0934 GMT February 17, 2020
Khuzestan’s Province announced a state of emergency in the flood-hit cities of Abadan, Khorramshahr and Shadegan due to strong tide.
“Given to the possibility of rising water from Saturday, we have taken all necessary measures to deal with any increase in water volume in Arvandrood and Karoun rivers,” Khorramshahr Governor Kourosh Maveddat said on Friday.
Several cities in the southwestern province of Khuzestan have been hit by severe floods that have stricken the country since March 19.
Record spring rainfall that has battered Iran in the past weeks caused serious flooding in many areas, mainly the provinces of Golestan, Lorestan, Khuzestan, Fars and Ilam, forcing thousands to leave their homes.
While residents in some western areas are still in need of relief aid, Iran’s Armed Forces have deployed forces, heavy military machinery, aircraft and boats to the disaster zones.
Following the unprecedented floods in northern, western and southwestern Iran that killed nearly 80 people, several countries and international organizations rushed to help the flood-stricken people.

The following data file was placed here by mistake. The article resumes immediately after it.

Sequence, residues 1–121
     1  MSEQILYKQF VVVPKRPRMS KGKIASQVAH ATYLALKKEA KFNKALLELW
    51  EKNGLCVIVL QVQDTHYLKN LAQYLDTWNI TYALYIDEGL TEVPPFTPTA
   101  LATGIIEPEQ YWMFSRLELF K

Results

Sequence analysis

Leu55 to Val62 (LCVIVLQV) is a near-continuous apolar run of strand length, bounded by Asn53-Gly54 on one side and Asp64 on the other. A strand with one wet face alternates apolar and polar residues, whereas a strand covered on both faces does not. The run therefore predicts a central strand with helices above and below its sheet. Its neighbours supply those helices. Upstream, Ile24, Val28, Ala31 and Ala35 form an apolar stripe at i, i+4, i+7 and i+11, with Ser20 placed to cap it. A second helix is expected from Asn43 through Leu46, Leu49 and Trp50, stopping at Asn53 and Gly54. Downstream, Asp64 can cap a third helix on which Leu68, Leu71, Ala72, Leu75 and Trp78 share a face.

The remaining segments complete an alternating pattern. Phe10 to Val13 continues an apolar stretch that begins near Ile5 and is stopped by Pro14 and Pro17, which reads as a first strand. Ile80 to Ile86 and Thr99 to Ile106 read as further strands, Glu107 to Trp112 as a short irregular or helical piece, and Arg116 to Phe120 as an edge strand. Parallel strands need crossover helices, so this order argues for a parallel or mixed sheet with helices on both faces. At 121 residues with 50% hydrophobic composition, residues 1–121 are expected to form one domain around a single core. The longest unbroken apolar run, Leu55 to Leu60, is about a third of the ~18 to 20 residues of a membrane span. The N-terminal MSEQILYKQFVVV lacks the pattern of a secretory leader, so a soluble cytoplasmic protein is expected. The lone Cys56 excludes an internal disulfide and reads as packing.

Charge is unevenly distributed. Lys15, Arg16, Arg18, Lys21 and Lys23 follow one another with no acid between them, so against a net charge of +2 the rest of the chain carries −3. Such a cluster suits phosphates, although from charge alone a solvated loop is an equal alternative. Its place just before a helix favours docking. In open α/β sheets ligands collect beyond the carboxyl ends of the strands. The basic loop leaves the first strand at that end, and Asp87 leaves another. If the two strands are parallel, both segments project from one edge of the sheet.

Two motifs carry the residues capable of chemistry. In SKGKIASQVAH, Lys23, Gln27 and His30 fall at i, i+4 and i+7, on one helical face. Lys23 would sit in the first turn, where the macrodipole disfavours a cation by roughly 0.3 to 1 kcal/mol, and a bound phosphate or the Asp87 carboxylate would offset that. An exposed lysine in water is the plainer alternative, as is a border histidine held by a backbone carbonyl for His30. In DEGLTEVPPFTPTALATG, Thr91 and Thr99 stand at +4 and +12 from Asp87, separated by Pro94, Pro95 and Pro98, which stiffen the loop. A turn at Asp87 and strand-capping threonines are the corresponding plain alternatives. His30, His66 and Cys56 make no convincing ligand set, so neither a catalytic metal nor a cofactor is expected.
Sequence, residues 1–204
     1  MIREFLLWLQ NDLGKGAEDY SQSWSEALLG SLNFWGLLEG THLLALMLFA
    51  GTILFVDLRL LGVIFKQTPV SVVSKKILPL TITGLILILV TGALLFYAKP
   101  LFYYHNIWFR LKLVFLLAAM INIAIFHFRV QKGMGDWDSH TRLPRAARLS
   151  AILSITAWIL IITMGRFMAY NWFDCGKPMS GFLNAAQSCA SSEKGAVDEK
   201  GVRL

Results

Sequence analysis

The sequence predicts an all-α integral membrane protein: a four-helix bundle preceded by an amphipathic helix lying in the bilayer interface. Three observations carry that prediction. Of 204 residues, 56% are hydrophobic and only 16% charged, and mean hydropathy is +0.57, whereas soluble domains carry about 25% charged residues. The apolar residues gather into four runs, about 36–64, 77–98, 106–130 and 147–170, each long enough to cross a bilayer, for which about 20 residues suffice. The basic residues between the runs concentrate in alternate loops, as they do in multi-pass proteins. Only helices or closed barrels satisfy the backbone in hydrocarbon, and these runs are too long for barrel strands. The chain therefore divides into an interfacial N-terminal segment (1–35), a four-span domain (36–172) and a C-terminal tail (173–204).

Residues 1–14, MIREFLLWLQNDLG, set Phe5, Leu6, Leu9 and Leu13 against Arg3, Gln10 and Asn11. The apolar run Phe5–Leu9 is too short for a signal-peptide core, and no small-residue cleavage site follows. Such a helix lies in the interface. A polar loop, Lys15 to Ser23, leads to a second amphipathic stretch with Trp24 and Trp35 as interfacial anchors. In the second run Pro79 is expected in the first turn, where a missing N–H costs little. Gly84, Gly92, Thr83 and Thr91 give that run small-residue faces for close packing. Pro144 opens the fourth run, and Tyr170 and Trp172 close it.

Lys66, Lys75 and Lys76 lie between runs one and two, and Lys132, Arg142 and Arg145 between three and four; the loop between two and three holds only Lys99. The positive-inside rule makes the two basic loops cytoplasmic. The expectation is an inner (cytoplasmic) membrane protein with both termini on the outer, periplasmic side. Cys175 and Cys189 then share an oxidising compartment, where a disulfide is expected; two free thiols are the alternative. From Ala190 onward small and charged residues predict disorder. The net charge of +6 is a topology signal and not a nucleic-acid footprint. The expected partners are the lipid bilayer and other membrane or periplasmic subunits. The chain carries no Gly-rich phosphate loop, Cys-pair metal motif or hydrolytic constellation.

A UNICEF report said on Friday that the devastating flooding in three-quarters of Iran’s provinces has affected 10 million people, of whom two million are severely impacted and 500,000 displaced – half of them children.
Over 1,000 health facilities and 1,000 schools have been destroyed or severely damaged forcing 100,000 children out of school and depriving thousands of essential health care, the United Nations International Children's Emergency Fund (UNICEF) said.
UNICEF’s vaccine cold chain equipment, including 200 vaccine carriers and 100 cold boxes, arrived in the country on Thursday night, according to the report.
The equipment will help restore essential immunization services for children in affected provinces and prevent the spread of diseases. Eighty vaccine refrigerators have also been dispatched.
The needs of flood-affected children in Iran are getting more acute by the day and more supplies are urgently needed, according to the report.
To provide emergency assistance to flood-affected children in Iran, UNICEF has appealed for US$9.8 million. To date, UNICEF is facing a US$8 million funding gap. Additional child health, education, water, sanitation and hygiene supplies will be purchased once funding is secured, the report said.
“Contributions made into accounts recently established for the flood response will allow UNICEF to procure essential supplies from our overseas supply hubs and transport them into Iran,” the UN agency stated.